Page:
Instead the fee has been dropped to 20 per cent, meaning savers have to pay back the Government top-up of up to £1,000 a year but are charged on their own savings.

One couple spent thousands on a wedding photo album that didn't appear for months

One couple spent thousands on a wedding photo album that didn’t appear for months

Photo fail for newly-weds

Back before coronavirus had overtaken us, one couple went on a Celebrity Cruise and got married on board.

The two paid £1,694.45 for professional photos to be taken in December 2019, including £1,382.04 for a photo album, which they still hadn’t received three months later.

When This is Money got in touch with Celebrity Cruises to find out what the delay was, the firm refunded the total cost of the photos as well as finally sending the finished album. 

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Frozen Child Trust Fund win  

The mother of a 17-year-old boy with profound learning disabilities, who would be unable to access his Child Trust Fund cash when he became an adult, won her battle to unlock more than £2,000 in frozen funds.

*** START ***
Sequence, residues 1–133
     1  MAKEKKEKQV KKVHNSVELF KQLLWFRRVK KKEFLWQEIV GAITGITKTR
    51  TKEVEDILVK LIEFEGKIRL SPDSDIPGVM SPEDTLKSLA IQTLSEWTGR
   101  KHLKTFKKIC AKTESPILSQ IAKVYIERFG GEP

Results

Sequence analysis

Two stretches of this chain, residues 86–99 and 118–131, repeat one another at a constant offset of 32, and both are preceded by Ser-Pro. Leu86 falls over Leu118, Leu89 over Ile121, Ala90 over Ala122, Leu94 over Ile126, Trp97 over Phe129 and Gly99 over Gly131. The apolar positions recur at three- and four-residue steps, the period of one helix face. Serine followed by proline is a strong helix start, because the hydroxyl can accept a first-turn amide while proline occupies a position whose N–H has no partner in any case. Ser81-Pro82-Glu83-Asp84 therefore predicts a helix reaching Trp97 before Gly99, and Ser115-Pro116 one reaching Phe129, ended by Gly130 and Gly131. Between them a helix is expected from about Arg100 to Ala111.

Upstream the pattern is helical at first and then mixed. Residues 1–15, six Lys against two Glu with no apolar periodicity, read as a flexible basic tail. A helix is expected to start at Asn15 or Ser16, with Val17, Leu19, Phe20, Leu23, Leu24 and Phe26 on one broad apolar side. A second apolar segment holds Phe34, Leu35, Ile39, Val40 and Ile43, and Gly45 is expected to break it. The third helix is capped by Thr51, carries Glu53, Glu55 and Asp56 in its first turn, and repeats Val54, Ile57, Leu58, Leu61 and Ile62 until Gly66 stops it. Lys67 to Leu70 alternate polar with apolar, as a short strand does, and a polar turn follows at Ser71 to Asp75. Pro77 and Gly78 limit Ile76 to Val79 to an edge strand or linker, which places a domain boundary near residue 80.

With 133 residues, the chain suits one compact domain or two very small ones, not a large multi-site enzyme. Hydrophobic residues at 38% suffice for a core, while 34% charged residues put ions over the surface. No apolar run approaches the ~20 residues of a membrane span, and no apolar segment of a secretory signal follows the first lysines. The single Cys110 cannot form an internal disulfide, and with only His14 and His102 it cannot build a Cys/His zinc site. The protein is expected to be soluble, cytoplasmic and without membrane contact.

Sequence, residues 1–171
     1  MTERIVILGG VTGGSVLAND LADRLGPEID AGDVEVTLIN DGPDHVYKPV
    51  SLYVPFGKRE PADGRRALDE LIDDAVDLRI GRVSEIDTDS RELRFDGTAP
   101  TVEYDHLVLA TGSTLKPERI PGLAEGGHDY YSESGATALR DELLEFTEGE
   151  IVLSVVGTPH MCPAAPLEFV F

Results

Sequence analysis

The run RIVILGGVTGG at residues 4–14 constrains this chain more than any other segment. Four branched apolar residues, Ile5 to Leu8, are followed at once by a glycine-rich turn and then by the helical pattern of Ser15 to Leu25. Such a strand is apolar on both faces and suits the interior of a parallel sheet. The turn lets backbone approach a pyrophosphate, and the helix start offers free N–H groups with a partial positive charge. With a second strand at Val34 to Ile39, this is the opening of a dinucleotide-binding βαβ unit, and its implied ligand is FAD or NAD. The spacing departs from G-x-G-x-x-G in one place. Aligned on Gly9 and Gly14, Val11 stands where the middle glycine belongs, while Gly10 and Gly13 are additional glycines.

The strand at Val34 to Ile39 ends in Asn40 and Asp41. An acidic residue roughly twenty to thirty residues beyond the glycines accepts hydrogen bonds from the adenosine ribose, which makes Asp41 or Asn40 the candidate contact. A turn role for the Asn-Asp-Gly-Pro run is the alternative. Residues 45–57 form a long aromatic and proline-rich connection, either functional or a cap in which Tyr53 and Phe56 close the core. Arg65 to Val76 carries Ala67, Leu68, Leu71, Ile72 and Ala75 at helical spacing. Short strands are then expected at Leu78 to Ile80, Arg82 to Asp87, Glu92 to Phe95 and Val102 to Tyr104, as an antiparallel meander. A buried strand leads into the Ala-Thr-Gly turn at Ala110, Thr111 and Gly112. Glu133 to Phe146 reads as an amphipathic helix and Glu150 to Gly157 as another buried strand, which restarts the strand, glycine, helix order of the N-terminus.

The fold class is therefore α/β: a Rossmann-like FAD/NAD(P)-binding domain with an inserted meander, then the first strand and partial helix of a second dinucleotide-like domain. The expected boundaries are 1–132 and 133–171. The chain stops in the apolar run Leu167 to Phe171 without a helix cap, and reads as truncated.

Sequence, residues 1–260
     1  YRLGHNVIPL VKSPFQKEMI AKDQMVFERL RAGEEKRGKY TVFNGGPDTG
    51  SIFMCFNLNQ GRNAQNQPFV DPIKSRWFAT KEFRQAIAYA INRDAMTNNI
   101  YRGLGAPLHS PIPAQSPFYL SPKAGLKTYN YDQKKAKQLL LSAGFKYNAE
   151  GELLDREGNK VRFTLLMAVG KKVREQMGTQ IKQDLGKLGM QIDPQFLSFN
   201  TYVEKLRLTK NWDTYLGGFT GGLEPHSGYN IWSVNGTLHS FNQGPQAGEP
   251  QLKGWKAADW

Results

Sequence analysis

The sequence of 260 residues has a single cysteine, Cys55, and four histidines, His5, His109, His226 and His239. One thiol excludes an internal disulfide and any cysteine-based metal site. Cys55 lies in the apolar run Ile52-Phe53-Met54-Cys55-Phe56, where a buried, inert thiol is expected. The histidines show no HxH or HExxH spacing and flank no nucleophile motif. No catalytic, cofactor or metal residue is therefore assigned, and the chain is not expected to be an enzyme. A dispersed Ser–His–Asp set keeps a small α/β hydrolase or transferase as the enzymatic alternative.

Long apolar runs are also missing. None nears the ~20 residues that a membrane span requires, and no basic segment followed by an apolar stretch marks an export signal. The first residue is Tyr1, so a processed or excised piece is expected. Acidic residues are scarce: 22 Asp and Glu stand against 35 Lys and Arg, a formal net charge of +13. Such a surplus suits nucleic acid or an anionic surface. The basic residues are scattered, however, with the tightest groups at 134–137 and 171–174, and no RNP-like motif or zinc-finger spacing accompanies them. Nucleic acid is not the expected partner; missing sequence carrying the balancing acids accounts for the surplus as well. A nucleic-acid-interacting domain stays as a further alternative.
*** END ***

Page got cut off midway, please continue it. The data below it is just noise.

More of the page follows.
She discovered a previous story on the subject by This is Money, and using this article she was able to make her case. 

Now, in one of the first reported examples of the parents of a disabled child succeeding in an attempt to access their money, Catherine, from Worcestershire, will be able to manage her son Oliver’s funds when he turns 18 next April. 

Hold the phone

One reader who travelled to Saudi Arabia for work found she had been charged £1,710.66 on her phone bill while away. 

The money was supposedly taken for 285.09MB worth of data usage while she was abroad. 

Although she had upped her data cap, she was asleep at the time the data was supposed to have been used.

After This is Money contacted O2, her phone network, it fortunately agreed to refund the whole amount. However, it is a good lesson to all to be careful of data usage when abroad.  

Some links in this article may be affiliate links. If you click on them we may earn a small commission. That helps us fund This Is Money, and keep it free to use. We do not write articles to promote products. We do not allow any commercial relationship to affect our editorial independence.